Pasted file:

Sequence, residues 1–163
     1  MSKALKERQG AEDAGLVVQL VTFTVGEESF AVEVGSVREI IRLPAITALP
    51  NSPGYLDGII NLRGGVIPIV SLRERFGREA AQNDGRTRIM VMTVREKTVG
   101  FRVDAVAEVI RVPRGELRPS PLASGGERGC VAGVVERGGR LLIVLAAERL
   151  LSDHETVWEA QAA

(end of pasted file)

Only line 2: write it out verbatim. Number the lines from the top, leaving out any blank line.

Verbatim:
     1  MSKALKERQG AEDAGLVVQL VTFTVGEESF AVEVGSVREI IRLPAITALP